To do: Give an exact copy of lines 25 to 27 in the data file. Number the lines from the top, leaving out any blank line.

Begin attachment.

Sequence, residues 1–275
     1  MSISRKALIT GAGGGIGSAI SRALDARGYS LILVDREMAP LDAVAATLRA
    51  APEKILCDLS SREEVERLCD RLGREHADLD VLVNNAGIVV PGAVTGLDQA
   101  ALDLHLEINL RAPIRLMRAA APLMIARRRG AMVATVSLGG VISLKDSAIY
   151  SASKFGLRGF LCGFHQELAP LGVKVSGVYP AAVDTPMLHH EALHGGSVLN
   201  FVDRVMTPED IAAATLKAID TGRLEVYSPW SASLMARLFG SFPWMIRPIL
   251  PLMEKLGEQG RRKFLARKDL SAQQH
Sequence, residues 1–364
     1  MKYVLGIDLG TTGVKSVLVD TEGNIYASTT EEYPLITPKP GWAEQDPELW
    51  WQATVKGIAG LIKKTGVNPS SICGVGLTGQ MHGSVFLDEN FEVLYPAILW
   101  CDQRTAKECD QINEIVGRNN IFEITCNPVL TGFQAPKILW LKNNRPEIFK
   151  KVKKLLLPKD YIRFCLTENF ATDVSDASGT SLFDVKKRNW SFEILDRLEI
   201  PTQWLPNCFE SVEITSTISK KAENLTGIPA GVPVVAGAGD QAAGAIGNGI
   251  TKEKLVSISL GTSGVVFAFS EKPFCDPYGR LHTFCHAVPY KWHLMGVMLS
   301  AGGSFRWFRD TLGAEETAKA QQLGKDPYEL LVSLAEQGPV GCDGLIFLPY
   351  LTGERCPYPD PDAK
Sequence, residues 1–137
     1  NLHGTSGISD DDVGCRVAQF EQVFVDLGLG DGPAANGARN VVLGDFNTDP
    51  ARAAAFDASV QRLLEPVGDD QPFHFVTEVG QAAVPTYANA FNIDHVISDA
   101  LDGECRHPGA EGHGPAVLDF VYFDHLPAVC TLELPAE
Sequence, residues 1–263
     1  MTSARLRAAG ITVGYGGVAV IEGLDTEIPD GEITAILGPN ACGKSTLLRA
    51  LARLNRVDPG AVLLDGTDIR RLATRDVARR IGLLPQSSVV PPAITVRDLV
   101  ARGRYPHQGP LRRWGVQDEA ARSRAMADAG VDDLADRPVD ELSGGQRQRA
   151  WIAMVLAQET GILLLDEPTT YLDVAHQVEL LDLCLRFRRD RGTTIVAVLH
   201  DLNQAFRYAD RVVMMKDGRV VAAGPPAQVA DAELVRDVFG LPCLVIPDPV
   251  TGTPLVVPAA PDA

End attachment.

   151  WIAMVLAQET GILLLDEPTT YLDVAHQVEL LDLCLRFRRD RGTTIVAVLH
   201  DLNQAFRYAD RVVMMKDGRV VAAGPPAQVA DAELVRDVFG LPCLVIPDPV
   251  TGTPLVVPAA PDA